Definition and Overview

A connective tissue disorder or disease is the general term used for conditions that affect the body’s connective tissues. So far, there are 150 different types of connective tissue disorders that have been identified.

The body is composed of nervous, muscle, epithelial, and connective tissues. These refer to the types of tissues that act as the body’s “glue,” keeping the organs together. They are also responsible for some of the functions of other tissues as well as for the body’s structure and support.

These tissues are composed of two general parts: cells and extracellular matrix. This matrix is a fibrous protein and another matrix made up of polysaccharide, which is created by the cells that are within the extracellular matrix.

Depending on the organization of the matrix, the connective tissue may be classified as loose or dense. It is loose when the collagenous fibers that form the matrix are sparse. These types are often found in the inside linings of the organs and underneath the epithelial tissues. Their ground substance and cells are abundant.

The dense connective tissues are called as such since their fibers are abundant and appear packed. There are fewer cells and ground substance found in the dense tissues. While the loose ones are found inside the organs, the dense tissues are outside. Some of the most common types of dense connective tissues are bones, ligaments, and joints.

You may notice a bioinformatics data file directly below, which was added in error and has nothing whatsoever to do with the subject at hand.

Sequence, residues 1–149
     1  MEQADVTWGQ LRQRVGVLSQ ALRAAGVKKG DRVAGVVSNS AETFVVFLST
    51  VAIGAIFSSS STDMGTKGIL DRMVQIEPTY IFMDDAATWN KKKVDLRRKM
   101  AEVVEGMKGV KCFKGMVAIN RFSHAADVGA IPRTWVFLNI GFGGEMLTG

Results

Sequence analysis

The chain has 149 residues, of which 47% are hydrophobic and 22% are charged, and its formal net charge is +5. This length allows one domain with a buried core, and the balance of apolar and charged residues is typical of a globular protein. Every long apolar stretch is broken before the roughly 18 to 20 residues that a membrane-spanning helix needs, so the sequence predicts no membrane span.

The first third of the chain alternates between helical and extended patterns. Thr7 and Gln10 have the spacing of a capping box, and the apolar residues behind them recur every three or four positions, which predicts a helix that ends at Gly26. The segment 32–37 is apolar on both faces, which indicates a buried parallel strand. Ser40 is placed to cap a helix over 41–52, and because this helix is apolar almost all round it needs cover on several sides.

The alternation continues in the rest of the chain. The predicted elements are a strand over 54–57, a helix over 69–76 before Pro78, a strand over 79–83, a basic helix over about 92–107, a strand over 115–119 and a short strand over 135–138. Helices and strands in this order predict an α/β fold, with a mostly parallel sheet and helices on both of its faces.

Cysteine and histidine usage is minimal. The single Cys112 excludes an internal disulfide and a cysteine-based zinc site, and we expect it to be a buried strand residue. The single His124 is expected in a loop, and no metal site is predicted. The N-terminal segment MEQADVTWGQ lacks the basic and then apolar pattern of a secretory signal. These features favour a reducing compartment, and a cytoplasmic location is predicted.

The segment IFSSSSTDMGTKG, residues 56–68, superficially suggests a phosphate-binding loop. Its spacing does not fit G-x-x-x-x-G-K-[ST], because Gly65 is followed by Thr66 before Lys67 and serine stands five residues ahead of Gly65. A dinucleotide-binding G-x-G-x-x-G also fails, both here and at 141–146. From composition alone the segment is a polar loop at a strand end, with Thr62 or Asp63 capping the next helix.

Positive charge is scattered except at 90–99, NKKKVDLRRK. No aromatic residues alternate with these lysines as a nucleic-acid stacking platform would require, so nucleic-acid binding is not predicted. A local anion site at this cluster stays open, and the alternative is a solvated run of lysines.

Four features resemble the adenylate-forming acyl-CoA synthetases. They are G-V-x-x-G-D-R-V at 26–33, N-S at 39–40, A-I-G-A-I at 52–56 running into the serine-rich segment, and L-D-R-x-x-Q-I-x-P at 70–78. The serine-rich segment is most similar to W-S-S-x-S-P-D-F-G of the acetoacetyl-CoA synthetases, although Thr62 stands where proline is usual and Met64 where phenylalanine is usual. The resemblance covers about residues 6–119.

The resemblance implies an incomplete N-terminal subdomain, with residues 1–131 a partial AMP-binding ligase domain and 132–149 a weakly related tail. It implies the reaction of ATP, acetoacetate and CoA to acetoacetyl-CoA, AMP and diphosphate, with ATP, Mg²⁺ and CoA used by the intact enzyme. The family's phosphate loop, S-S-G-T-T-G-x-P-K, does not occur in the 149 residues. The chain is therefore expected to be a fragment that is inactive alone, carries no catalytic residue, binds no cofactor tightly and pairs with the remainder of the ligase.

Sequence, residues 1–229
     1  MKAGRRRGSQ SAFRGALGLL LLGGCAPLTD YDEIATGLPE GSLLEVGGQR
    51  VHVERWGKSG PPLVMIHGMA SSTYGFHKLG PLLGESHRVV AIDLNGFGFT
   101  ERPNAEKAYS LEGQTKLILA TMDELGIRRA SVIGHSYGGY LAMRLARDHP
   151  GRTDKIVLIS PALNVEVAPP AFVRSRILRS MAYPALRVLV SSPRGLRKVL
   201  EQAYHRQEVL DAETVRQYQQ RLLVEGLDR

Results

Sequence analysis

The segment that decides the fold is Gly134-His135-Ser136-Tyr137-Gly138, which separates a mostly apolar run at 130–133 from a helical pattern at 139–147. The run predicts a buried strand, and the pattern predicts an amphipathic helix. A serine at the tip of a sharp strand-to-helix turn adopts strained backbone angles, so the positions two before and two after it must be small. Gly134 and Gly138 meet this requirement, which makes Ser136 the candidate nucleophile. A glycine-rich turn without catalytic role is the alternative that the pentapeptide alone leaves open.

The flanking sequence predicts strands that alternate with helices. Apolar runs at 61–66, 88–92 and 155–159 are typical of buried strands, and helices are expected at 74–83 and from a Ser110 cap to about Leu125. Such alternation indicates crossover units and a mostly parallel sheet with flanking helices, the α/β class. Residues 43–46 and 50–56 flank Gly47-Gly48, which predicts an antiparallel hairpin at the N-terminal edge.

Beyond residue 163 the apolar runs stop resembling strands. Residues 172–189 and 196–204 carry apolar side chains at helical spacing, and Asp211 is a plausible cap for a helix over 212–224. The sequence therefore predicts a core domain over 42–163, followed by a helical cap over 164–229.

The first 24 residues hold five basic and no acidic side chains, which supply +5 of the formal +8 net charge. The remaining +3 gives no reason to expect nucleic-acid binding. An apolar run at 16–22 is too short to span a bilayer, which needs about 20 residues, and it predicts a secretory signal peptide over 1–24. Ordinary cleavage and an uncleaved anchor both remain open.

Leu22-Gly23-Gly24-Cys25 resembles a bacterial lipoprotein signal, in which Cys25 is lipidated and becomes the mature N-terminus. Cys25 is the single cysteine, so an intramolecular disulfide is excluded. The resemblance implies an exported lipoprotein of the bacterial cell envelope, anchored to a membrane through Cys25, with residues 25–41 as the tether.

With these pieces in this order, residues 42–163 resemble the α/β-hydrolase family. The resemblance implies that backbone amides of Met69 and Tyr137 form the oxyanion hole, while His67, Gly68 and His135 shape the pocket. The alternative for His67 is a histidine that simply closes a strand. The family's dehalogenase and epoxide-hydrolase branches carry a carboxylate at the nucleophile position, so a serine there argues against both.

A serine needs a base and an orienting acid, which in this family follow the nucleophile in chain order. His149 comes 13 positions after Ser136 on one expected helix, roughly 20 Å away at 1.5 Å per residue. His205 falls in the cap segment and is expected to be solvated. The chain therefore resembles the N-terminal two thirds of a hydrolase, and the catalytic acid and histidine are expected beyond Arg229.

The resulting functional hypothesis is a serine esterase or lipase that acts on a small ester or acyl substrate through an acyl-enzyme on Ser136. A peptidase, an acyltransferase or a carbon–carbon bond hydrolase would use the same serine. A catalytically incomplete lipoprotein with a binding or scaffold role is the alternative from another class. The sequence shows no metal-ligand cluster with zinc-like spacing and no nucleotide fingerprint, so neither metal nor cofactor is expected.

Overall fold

The connective tissues may become diseased for a variety of reasons including genetic risks, injuries, and infection. The disease may be localized or systemic, which means it affects various organs of the body. This also means that the symptom can be mild or severe, even to the point of being life-threatening.

In most cases, depending on the specific disease, there is no cure but the progression and symptoms can be managed.

Causes of Condition

A connective tissue disorder can be caused by the following:

Genetics – There are two possible scenarios under the genetic cause. One, the patient inherits the mutated gene from either of the parents, and two, the patient’s genes have gone through a spontaneous mutation, or had become defective.

Two of the well-known disorders under this cause are Marfan syndrome and epidermolysis bullosa (EB). Marfan syndrome is associated with the defective gene that helps produce a protein known as fibrillin-1. People with this disease often have long and spider-like fingers and toes, as well as a very thin and long body. EB, on the other hand, leads to oversensitivity of the skin.

Most of these diseases are rare.

Autoimmune – A disease becomes autoimmune when the body’s immune system becomes very active and starts attacking the healthy connective tissues. The actual cause of an autoimmune disease is often unknown, although some experts suggest the possible association with heredity. For example, patients with systemic lupus are more likely to have an immediate family member or relative who has been diagnosed with the same. As the tissues are being attacked by the antibodies, they become inflamed until they are damaged.

Some of the autoimmune diseases that affect the connective tissues are:

  • Scleroderma – This refers to the hardening, thickening, and the contraction of the skin and connective tissues. It can be classified as localized, which means it affects only the part of the skin, or systemic and impacts the vital internal organs.